Chateau de Chambord in France displays the magnificent French Renaissance architectural trends that make the castle one of the most famous castles in the world. It’s a captivating masterpiece built by the French monarchy reflected in its 400 rooms, 80 staircases, and 280 fireplaces. In 1519, King Francois included some of Leonardo de Vinci’s work by constructing a double helix staircase by an Italian polymath.
The castle served as a sign of the lasting influence and power of the French Monarchy that used to be a monumental residence for royalty.
6. Windsor Castle
Windsor Castle in England has been an official royal residence for the last 900 years and become the largest and oldest inhabited castle in the world. Its construction was inaugurated back in 1070 in the western part of London by William the Conqueror. There are loads of renovations seen by monarchs including the Queen Victoria private chapel.
Most of the popular royalty events are held at St. George’s Chapel and royal family members also escaped to Windsor for some restful weekends.
7. Palace of Versailles
The Palace of Versailles in Paris is a splendid former royal residence and one of the most magnificent castles that don’t feel real. The palace is administered by the French Government and attracts around 15 million visitors annually because of its unique gardens, museum, and other architecturally refined giant buildings.
The castle was built by King Lois XIV but letter kings like Louis XIII also added some monuments to the structure as a hunting lodge on a hill.
Alhambra Castle in Spain became a symbol of Spanish rich history and is one of the most beautiful castles that don’t feel real. From the Nasrid dynasty, Ibn al Ahmar was the one who commissioned the hilltop destination for the palace construction in 1238.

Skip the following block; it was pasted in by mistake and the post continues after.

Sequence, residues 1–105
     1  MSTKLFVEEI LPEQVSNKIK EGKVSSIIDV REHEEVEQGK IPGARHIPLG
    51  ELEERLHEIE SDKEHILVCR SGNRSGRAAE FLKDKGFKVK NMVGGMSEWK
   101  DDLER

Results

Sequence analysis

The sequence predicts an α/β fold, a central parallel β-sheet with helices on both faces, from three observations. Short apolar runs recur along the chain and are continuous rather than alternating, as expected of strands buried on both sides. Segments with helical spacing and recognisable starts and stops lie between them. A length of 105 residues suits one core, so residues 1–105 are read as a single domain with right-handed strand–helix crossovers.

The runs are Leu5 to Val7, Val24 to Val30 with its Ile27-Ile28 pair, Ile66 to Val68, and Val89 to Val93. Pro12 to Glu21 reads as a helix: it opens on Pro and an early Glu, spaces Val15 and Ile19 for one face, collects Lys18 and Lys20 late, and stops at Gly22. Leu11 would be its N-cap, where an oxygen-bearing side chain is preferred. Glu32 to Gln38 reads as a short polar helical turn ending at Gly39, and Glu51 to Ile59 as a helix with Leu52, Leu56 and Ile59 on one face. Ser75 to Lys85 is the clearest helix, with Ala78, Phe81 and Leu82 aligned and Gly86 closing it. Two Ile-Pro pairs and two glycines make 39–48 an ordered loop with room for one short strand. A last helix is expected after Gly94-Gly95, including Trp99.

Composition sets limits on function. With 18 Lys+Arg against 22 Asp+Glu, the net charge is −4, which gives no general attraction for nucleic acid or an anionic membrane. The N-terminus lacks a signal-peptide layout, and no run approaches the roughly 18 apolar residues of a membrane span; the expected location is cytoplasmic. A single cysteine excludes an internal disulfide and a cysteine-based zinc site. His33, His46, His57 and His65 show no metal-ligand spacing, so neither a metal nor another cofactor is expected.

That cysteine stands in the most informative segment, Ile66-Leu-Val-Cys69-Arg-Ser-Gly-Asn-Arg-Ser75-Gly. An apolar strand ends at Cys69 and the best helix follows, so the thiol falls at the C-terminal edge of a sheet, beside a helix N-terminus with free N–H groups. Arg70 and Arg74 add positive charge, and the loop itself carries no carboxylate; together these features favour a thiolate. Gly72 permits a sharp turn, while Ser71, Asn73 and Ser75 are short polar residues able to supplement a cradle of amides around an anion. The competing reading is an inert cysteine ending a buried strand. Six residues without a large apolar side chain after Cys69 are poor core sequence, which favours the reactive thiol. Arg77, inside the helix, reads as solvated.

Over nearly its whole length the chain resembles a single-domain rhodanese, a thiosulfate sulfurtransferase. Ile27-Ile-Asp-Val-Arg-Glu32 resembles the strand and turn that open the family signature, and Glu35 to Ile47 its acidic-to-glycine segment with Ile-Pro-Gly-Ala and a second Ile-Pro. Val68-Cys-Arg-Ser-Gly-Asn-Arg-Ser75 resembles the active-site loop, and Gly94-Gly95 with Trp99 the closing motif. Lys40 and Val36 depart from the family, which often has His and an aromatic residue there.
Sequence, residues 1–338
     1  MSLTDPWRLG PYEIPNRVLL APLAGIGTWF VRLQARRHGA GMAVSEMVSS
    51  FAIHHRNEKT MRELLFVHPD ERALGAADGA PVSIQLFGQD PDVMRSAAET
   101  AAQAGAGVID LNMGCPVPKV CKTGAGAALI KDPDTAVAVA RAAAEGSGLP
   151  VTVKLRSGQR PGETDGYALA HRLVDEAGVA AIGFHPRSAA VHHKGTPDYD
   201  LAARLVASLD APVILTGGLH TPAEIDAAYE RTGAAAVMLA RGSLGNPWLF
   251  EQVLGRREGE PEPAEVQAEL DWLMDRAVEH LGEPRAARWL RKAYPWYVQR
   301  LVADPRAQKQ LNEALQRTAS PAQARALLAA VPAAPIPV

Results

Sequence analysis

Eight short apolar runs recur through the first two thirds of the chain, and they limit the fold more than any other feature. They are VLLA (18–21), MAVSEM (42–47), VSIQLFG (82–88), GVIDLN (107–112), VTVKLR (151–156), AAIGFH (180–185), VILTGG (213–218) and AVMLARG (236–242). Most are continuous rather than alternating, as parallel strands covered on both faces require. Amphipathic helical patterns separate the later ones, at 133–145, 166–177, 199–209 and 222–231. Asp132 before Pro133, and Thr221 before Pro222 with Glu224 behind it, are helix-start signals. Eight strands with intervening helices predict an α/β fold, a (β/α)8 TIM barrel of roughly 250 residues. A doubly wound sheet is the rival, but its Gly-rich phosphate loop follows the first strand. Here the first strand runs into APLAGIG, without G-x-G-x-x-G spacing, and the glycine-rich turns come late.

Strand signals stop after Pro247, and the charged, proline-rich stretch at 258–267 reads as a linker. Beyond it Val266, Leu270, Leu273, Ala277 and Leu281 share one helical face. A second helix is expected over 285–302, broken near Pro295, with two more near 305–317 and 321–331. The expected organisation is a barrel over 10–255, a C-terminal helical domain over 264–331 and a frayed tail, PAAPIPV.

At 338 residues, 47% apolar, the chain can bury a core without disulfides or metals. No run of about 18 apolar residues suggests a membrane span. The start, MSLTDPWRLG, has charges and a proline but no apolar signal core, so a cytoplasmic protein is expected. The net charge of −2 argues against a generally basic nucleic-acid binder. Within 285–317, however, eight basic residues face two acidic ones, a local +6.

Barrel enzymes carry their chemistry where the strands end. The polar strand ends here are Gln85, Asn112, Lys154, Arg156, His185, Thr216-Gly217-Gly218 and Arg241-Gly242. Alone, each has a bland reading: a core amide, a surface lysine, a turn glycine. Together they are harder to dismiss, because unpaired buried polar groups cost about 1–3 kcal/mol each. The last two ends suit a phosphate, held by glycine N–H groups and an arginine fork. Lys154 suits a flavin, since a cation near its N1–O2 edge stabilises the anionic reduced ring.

There are dedicated buildings according to their functions such as a quarter for the court officials, a military base, and a quarter for the royal family.
9. Prague Castle
Prague Castle in the Czech Republic is considered the largest ancient castle complex in the world. Its construction was inaugurated in 870 when the first building, the Church of the Virgin Mary, was erected.
The castle spewed with coming rulers such as Vretislaus I and Duke of Bohemia added the Basilica of Saint George and Basilica of St. Vitus in the 10th century. It also has Gothic-style structures that were fortified during the reign of Charles IV.
10. Hearst Castle
Hearst Castle on the Central Coast of California was built by William Randolph Hearst and it’s one of the most enchanted castles that don’t feel real.
Heart named the castle “La Cuesta Encantada”, which means enchanted hills. Now it has become a National Historic Landmark and has been converted into a Museum that is open to the public.
The castle also has a world-famous swimming pool that become a real delight for photographers with its brilliant turquoise hue. The hilltop castle is the main attraction in the twin tower city with three sumptuous guesthouses and 127 acres of terraced gardens.
Ferona Jose is a passionate travel writer and blogger at Travelistia. She has traveled throughout Europe, Asia and the Americas. Her writing focuses on cheap travel destinations, travel experiences, cultural insights, and travel hacks.